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Re: magnetized bits in soil

Steve P. wrote, via James Purchase:

> Hong Sungmin asked: "What's the micronized iron? They don't sell it in
> gardening shops here S.Korea. is it the 'iron powder' that chemical company
> make, or the same one we can gether from the soil by a bar magnet?"
> If you are finding magnetizeable bits of iron in the soil, I'm not sure
> what that means. Probably that there is iron filings in the soil and
> perhaps you should consider the soil contaminated as there could be other
> metal filings such as zinc, lead or copper.

Magnetite is a magnetic mineral that occurs in small quantities in many
different rocks and some soils.  It can be found in some locations in
quantities large enough to be gathered with a magnet.  Also...

As children we used to run magnets through our dry soil and gather little
bits out of the dust.  We later learned in science class (thank you,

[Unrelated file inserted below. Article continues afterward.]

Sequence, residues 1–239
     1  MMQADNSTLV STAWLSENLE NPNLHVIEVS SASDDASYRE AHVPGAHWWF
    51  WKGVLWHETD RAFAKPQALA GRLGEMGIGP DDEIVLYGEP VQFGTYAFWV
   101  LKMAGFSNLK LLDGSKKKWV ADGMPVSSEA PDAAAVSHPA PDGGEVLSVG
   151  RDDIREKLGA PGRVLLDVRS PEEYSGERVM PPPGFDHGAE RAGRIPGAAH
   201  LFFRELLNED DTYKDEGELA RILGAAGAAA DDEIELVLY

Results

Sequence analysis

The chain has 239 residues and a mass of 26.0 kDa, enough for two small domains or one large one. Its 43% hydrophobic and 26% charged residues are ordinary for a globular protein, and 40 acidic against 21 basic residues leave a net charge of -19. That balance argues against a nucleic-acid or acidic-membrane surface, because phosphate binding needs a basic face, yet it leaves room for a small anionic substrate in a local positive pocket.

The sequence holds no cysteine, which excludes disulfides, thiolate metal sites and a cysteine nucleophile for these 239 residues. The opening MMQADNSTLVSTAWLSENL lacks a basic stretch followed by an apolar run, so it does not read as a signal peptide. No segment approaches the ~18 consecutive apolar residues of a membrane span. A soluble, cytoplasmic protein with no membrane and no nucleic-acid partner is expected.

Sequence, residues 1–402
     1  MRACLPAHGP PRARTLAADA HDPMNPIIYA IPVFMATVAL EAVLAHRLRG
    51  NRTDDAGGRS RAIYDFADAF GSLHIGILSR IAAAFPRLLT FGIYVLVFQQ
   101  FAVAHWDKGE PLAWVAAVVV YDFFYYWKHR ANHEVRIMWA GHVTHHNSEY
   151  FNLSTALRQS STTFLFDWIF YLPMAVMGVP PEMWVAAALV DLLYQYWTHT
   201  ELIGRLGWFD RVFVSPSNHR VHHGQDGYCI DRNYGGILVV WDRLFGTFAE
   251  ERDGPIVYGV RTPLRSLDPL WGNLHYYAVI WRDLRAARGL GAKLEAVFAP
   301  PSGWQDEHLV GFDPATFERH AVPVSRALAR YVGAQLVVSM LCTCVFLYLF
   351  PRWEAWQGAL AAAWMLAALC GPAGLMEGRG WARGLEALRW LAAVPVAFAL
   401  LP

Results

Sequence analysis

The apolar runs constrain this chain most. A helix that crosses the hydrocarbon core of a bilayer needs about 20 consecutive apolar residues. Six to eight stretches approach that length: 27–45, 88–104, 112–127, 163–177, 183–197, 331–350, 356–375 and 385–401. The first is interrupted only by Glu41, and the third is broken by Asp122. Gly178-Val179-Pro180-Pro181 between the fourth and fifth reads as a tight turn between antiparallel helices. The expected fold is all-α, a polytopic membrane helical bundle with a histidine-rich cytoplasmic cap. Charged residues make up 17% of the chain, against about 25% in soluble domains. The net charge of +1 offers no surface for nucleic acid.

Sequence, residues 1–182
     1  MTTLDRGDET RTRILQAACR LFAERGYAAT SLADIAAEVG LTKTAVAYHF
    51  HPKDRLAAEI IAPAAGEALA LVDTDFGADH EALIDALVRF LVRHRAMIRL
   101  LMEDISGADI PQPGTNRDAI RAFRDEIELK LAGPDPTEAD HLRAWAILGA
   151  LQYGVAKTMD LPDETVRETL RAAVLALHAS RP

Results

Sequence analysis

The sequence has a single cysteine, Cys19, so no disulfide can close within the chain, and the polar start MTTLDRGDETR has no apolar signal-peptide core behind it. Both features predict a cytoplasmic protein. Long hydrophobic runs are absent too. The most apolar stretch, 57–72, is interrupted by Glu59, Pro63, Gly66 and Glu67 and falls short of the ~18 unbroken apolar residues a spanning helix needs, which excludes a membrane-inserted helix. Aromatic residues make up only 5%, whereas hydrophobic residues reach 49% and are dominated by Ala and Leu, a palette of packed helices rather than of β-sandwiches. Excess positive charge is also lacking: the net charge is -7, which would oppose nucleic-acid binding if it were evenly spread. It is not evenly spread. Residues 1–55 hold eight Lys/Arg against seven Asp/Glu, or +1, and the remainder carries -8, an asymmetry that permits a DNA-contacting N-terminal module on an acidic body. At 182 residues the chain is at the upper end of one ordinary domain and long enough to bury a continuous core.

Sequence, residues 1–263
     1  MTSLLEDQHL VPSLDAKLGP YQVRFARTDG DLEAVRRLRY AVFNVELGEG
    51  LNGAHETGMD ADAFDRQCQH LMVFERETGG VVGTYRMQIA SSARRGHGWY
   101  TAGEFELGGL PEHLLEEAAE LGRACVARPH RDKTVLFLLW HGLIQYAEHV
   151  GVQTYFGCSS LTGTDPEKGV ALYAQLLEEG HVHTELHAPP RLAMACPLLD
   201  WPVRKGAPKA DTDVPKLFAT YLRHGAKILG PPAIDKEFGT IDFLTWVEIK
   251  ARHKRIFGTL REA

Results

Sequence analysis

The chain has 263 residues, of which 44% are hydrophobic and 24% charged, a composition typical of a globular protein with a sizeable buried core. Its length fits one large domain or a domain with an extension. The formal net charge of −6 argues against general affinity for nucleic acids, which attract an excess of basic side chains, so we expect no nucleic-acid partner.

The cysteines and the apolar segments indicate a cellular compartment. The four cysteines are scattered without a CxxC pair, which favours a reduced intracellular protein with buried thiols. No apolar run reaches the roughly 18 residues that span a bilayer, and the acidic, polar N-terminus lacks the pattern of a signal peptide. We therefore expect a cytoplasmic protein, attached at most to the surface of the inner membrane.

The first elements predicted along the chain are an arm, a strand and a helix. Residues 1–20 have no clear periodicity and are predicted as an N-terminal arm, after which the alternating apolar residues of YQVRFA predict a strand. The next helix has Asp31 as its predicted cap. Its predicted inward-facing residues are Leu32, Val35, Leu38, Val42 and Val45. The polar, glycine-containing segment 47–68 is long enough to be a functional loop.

George Fishbeck) that the magnetic dust was the result of a more-or-less
continuous fall of meteorite debris out of the atmosphere.  We even went
through the exercise of placing a pie plate lined with white paper out in
the open on a still night, checking it in the morning with a magnifying
glass and magnet. Yup.  Magnetic dust accumulated over night.

I don't know if that works everywhere, but it worked well in 1964 on the
parched floor of the Pecos Valley.

At any rate, I wouldn't worry too much about the magnetic dust indicating
contaminated soil.

Roger Miller

In Albuquerque, where we are daily stalked by great blue thunderstorms
that aim to pounce upon us from the western desert.